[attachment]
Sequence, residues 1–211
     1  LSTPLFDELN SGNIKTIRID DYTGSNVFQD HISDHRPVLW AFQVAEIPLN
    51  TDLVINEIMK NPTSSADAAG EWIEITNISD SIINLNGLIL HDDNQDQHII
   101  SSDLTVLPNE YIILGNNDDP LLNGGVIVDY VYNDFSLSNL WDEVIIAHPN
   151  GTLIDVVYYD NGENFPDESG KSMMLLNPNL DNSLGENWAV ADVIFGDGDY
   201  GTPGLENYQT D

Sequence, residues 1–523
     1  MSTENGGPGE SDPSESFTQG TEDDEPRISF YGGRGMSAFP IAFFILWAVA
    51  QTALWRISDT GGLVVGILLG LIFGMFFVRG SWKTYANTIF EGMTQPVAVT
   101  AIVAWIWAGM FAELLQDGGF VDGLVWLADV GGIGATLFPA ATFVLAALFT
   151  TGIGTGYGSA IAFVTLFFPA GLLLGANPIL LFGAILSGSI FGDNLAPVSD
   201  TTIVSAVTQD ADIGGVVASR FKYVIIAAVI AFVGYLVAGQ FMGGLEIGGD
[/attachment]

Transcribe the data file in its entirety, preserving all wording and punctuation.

Sequence, residues 1–211
     1  LSTPLFDELN SGNIKTIRID DYTGSNVFQD HISDHRPVLW AFQVAEIPLN
    51  TDLVINEIMK NPTSSADAAG EWIEITNISD SIINLNGLIL HDDNQDQHII
   101  SSDLTVLPNE YIILGNNDDP LLNGGVIVDY VYNDFSLSNL WDEVIIAHPN
   151  GTLIDVVYYD NGENFPDESG KSMMLLNPNL DNSLGENWAV ADVIFGDGDY
   201  GTPGLENYQT D

Sequence, residues 1–523
     1  MSTENGGPGE SDPSESFTQG TEDDEPRISF YGGRGMSAFP IAFFILWAVA
    51  QTALWRISDT GGLVVGILLG LIFGMFFVRG SWKTYANTIF EGMTQPVAVT
   101  AIVAWIWAGM FAELLQDGGF VDGLVWLADV GGIGATLFPA ATFVLAALFT
   151  TGIGTGYGSA IAFVTLFFPA GLLLGANPIL LFGAILSGSI FGDNLAPVSD
   201  TTIVSAVTQD ADIGGVVASR FKYVIIAAVI AFVGYLVAGQ FMGGLEIGGD